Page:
I sure did Laura. Five years as a consultant wearing a non-negotiable “uniform” because it was the product I was selling. Sadly 95% of the range and therefore my uniform, was black and black just isn’t me. I’m more of a muted tones kind of gal!
    The day I said no more, was the same day I liberated myself from every black item of clothing that resided in my wardrobe and celebrated every value that wasn’t being honoured in that soul sucking career.

  8. cnichols83186@aol.com

    March 7th, 2015 at 6:41 am

    Wow, I have to be honest for some this reason this post has given me a whole new “respect” (not really the right word) for you. I worked in restaurants for about 8 years and while yes the uniforms at each were pretty terribly I didn’t quite the business for the uniform but yes for the same reason. It was that feeling that because I was a waitress I was less than those I waited on or my friends who had “real” jobs. I realize now that that was really all in my own head but still it was that gross feeling that made me have to leave.
    Thank you for this post, sometimes I get the impression from a lot of bloggers that they have a ton of money, were bored and wanted to start a blog, and now they have even more money. So refreshing to hear that you are a real person. Great post!

  9. laura@yourcareerhomecoming.com

    March 7th, 2015 at 11:50 am

    Yes, I’m real! I even sweat and get boogers! Here’s another post you might enjoy, full of real things: http://yourcareerhomecoming.com/23-things/
    Oh, and this one: http://yourcareerhomecoming.com/why-i-took-a-full-time-job/

  10. nikkiana@gmail.com

    March 7th, 2015 at 7:01 pm

    I’ve never worked somewhere that required a uniform, so I’ve never had the opportunity to quit over something like that… Although, I probably would in that hypothetical situation, but it kinda strikes me as something that would be the symbolic last straw.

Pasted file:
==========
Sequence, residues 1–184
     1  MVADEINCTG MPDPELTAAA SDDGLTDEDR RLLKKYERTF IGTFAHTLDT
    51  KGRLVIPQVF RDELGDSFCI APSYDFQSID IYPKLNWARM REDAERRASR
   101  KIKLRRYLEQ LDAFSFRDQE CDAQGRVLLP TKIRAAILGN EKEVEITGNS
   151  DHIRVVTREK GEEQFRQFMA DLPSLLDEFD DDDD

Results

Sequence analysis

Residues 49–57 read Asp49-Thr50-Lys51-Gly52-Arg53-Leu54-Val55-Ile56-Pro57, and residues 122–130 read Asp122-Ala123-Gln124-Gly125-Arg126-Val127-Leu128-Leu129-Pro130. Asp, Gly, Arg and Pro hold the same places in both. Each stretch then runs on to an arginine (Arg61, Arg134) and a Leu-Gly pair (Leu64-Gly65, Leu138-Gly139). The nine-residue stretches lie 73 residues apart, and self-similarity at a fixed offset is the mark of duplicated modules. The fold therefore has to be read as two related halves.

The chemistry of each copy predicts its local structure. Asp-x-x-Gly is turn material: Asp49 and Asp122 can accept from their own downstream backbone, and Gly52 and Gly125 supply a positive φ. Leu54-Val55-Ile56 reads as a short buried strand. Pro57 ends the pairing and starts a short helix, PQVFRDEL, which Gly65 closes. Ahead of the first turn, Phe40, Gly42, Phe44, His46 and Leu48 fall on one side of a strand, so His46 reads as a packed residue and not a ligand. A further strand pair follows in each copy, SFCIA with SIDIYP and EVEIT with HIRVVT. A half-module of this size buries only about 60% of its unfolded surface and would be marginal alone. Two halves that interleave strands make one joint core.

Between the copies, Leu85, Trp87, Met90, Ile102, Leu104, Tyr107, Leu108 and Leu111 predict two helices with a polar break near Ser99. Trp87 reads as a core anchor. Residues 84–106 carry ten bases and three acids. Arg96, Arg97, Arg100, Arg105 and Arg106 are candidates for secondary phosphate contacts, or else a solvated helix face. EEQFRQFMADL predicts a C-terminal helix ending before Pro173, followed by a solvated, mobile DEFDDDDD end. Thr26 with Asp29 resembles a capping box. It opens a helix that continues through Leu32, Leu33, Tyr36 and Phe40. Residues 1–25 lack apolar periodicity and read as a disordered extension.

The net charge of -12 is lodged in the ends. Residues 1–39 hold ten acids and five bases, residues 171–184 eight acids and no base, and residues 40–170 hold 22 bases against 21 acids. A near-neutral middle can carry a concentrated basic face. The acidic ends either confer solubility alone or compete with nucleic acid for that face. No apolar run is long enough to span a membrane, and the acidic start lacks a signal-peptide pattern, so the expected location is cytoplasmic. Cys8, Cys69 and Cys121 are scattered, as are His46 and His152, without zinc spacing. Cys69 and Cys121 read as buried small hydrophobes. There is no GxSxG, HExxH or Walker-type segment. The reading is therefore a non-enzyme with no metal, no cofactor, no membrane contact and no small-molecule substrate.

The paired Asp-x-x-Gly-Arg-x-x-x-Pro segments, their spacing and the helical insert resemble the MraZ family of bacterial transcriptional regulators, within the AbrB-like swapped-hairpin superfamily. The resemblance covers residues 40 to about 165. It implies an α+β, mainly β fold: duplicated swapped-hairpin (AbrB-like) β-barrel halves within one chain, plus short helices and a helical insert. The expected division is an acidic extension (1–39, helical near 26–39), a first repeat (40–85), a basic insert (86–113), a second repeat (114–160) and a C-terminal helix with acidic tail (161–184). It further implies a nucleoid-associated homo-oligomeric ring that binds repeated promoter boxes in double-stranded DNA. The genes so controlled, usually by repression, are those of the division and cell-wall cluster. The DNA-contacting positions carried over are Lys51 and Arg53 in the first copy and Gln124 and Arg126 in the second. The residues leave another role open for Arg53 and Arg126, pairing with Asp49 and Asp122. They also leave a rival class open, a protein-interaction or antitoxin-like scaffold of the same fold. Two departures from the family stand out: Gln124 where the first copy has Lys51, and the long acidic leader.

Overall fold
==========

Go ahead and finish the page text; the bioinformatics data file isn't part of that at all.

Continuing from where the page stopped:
My work related wardrobe issues tend to be more along the lines of trying to figure out the balance between casual and dressy and masculine and feminine.

    My day job is doing web development, which places me in work environments where I’m in the minority as a female developer and generally the dress code errs casual, and in corporate settings, often much more casual than what the standard is for the company as a whole. AKA a “nobody ever sees us, why do we have to dress up?” sort of attitude.

    I’ve noticed over the years that dressing casually in such a way to downplay my gender tends to get me taken more seriously as a developer. Presenting more formally and more feminine tends to cause people to make the assumption that I’m not really a developer. I’ve also noticed that dressing casually tends to render me invisible to non-developer women OR I end up the recipient of the side eye because I’m not dressing to the same standard that their department holds them to.

    I would like to note that this hasn’t been so much of an issue in my current job, I feel respected and like my opinions matter irregardless of what I’m wearing but I’ve been in workplaces that felt like a delicate balancing act, and it’s often a really big issue at industry related conferences.

  11. sanjeet.kathuria89@gmail.com

    April 10th, 2015 at 6:30 am

    Indeed. I can relate to that. I am a girl working as a software developer, and I like getting dressed up. At my workplace no one really cares about what you wear, as long as you are doing your job well. But I don’t think that is an excuse to look shabby or like you just woke up! I like looking good, and I feel that if I dress up well to work, it adds to my enthusiasm for it 🙂

  12. Anonymous

    December 8th, 2015 at 6:10 pm

    […] end of the day so you can’t even really enjoy your time off. Having to wear a uniform that makes you feel bad. Bringing your spouse down. Not having the vacation time to see the people and places you care […]